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An FBI agent hunts down a young con artist who successfully impersonated an airline pilot, doctor, and assistant attorney general, cashing more than $2.5 million in fraudulent checks in 26 countries. Written by
The exterior shots of Miami airport were filmed at the old Ontario [California] Airport terminal. The old terminal is still standing, but it was converted to office space when the new Ontario Airport opened. See more »
When Frank Abagnale Jr. impersonates the substitute French teacher in order to take revenge on the bullies who bumped into him in the hallway, he shouts for order in the classroom then asks which chapter the previous teacher left off on. Frank Jr then opens his book up to the correct page, and after embarrassing one of the bullies by making him read out loud, he begins to walk to the front of the room. When he is in the aisle in the classroom, he holds the book open as he walks. After the shot changes angle and distance, he completes his walk to the front of the room, but the book is now closed. See more »
Frank Abagnale, Jr.:
[In a letter]
Dear Dad, you always told me that an honest man has nothing to fear, so I'm trying my best not to be afraid.
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In the closing credits, Brian Howe is listed as playing "Tom Fox" and Frank John Hughes is listed as playing "Earl Amdursky". However in the film, Howe played Amdursky and Hughes played Fox. However, this was corrected for the DVD release. See more »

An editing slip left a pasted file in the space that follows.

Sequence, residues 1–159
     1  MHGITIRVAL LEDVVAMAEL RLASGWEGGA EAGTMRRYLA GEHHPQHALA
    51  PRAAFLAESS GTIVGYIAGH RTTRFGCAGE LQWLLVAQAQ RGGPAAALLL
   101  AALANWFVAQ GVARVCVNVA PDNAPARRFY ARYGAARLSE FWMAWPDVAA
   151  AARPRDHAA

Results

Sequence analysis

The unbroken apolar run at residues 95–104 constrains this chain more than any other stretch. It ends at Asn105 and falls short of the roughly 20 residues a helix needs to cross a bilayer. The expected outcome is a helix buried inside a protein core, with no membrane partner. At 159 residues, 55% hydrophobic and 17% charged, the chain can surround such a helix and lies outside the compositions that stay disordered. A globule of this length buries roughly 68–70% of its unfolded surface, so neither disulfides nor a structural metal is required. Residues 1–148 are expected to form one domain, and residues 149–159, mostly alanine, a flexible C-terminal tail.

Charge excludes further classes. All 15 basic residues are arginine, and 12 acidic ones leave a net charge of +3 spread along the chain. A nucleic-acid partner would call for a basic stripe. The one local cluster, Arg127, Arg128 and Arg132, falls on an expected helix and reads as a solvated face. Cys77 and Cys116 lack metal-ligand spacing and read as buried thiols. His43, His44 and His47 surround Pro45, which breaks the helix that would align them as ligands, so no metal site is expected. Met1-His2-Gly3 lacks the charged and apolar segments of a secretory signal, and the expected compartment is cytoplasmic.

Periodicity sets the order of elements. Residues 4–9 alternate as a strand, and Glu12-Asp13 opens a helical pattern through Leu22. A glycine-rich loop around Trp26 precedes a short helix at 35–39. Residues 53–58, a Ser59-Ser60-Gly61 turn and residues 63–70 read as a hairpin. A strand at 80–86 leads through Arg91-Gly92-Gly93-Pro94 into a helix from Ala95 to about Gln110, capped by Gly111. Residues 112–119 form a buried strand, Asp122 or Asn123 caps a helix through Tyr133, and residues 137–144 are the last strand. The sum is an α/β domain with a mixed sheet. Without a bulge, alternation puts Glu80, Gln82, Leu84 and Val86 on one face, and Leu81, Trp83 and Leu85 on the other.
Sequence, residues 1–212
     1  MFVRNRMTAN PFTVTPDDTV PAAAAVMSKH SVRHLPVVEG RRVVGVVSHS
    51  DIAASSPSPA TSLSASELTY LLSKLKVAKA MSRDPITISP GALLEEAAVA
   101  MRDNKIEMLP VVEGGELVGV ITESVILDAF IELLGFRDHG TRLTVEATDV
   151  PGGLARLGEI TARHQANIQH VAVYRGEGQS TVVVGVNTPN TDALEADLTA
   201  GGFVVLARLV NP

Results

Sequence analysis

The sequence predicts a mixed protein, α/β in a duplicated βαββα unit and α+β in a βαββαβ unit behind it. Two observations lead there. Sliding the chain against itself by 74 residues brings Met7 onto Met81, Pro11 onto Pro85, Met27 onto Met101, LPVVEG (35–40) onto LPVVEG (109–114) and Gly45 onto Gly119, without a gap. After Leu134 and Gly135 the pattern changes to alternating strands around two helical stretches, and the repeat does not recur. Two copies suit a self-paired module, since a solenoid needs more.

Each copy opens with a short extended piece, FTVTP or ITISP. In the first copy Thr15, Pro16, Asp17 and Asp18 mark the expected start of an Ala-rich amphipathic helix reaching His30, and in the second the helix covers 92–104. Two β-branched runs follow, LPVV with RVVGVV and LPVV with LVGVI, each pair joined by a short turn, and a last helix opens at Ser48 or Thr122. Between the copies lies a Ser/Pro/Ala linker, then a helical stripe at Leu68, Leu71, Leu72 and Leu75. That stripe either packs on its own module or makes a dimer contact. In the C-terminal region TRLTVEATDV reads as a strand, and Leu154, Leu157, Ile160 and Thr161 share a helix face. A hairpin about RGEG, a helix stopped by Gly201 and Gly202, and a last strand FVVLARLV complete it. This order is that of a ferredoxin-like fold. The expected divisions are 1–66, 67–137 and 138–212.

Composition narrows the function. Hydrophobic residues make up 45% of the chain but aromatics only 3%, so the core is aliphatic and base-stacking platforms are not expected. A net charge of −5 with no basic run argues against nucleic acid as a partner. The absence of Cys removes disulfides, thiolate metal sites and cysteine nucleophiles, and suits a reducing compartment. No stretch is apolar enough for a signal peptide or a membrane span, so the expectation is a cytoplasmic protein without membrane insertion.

From the opening credits design we get in the mood of this very entertaining film. They create the tone for what will follow. Steven Spielberg is in rare form directing this movie that doesn't have a dull moment.
Mr. Spielberg has found a perfect actor to fill the shoes of the con man with the perfect casting of Leonardo DiCaprio. It's very easy to see why all the women fall prey of this charmer. He was a fast talker and a slick operator. He exudes charisma to fill another couple of movies.
It's a welcome sight to have Mr. DiCaprio working in a vehicle that shows his talent as Frank Abagnale, a man of many faces. He plays a game of hide-and-seek throughout the movie with Hanratty, the FBI agent that is in his trail. Tom Hanks shows great assurance and gusto with this character. Of course, the DiCaprio magnetism dominates the action with the many ironic twists and the miraculous and narrow escapes he pulls with an aplomb that's bewildering to the Feds, who are on his tail all the time.
The minor roles are equally important. Christopher Walken as the father starts out as the prototype of the con man, but he's too decent to do wrong; his business fails eventually. His marriage to Natalie Baye, the fine French actress, ends in divorce because obviously she hates being married to a loser.
The action doesn't stop for one moment. This film is great fun to watch with the winning combination Mr. Spielberg assured hand gives us this time out. Mr. Spielberg can thank the genial Mr. DiCaprio who responds obviously to his direction and makes this con man endearing even when he is committing crimes.
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